Addiction, death and recovery, he's seen it all
News Herald - 3/26/2018
March 25--Sitting in the intern's chair, Dr. Mark Stavros is in his element flashing a chart in front of a patient, talking about dopamine levels, the prefrontal cortex, the "comfort zone" and treatment options.
It's a speech he gives often: to addicts, withdrawing and miserable; to families trying to understand the disease; to mental health professionals; to law enforcement.
Really, to anyone who asks.
Addiction is something Stavros has more experience with than most. His father is "one of the dinosaurs of addiction" medicine. But as if to prove addiction can impact any family, his sister died of a heroin overdose in the '90s. He didn't even know she had been using.
He was working the ER -- where he dreaded addicts coming in looking to score -- when he got the call.
He never planned to go into addiction medicine, but in 2009, he got another call asking if he would reconsider and said yes.
"I met patients at rock bottom, who had lost a lot of their lives and needed help," the owner of Gulf Coast Addiction Medicine said. "Suddenly, I could start seeing an impact in patients' lives."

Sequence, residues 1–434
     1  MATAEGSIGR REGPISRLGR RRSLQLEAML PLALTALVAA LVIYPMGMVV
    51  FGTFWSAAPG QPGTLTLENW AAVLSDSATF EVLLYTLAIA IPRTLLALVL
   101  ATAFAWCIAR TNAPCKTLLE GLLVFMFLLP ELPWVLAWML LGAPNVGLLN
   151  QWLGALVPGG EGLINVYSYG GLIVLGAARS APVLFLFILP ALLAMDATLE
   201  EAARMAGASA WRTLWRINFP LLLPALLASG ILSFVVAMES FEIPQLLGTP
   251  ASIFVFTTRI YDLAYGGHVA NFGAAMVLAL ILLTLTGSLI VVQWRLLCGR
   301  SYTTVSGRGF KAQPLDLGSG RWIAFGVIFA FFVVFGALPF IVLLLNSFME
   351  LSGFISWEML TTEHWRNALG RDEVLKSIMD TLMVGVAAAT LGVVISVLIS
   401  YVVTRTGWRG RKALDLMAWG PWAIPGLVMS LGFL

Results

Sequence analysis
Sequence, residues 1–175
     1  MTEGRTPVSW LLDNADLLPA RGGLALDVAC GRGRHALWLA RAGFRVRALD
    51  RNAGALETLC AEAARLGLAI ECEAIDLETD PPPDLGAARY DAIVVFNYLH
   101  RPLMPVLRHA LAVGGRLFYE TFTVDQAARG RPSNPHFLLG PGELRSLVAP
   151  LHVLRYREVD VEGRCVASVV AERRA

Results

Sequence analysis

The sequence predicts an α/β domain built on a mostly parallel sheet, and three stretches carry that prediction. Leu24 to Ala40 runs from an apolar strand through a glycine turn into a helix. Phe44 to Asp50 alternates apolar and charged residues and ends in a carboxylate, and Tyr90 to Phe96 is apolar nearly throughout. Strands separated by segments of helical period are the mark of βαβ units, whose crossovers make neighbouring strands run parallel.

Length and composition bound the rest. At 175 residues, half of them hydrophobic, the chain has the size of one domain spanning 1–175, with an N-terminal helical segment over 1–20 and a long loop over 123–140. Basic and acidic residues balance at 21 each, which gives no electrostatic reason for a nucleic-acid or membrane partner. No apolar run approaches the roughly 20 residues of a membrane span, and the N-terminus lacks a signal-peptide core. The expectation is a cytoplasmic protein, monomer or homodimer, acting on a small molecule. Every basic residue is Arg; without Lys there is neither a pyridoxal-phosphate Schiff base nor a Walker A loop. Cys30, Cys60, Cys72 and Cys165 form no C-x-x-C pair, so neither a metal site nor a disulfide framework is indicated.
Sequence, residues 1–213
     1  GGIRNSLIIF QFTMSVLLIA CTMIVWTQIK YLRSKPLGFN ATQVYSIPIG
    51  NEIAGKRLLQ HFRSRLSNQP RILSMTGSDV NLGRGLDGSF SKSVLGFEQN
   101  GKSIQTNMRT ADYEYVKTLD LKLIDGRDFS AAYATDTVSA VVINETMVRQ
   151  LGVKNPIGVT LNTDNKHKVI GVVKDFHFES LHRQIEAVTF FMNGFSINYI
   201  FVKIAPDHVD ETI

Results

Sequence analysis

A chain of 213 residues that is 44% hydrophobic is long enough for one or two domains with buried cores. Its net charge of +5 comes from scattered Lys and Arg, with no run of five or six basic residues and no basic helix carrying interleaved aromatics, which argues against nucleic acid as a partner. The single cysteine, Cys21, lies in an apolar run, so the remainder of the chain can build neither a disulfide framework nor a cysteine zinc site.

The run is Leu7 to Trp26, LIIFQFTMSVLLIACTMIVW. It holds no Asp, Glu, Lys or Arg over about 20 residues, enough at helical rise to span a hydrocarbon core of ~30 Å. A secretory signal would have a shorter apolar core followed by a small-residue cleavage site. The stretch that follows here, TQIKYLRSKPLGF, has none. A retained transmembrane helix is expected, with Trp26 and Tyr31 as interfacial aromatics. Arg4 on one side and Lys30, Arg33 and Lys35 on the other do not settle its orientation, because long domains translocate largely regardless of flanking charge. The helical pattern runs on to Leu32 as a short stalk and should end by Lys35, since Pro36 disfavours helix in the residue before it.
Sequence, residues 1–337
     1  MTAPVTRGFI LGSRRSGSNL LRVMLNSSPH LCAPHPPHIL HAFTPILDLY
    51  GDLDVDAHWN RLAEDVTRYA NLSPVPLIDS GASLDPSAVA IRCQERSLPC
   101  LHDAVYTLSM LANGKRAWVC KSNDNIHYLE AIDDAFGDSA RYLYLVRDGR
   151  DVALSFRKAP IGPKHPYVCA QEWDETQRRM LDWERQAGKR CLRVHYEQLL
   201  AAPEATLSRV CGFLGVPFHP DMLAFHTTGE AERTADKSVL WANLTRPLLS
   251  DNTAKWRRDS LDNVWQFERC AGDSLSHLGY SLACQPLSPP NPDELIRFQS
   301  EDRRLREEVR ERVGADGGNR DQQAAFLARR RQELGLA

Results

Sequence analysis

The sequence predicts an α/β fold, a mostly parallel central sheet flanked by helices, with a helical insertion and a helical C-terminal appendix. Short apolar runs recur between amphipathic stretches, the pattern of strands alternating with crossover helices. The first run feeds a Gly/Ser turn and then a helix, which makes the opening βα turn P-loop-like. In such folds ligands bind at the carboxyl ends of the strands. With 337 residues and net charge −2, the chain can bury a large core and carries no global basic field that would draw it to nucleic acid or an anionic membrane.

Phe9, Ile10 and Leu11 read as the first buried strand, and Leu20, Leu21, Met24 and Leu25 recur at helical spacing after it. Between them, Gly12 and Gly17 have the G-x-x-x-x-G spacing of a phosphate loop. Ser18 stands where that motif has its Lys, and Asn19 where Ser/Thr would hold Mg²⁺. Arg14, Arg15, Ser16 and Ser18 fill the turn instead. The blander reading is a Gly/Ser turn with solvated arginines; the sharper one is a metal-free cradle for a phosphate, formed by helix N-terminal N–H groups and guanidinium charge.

He threw himself into it. Learning the cycle of the disease, how patients may have had control once, but the drugs altered the brain and that control was lost. About how an addict's dopamine levels are below comfortable levels unless they're using, creating a need to get high. About how 80 percent of addicts will relapse in their first year if they go off medications designed to treat addiction, like methadone, suboxone and vivitrol. About the right way to take and prescribe medicine to reduce the chance of abuse, and how success rates are better when medication is combined with therapy.
It became a fixable problem to him.
Yes, he says, it's a chronic disease. Relapse will happen, but every day he sees people change.
Editor's note: This story is part of a 13-story package on addiction, for the next one go here: The hope of a sweet salvation.
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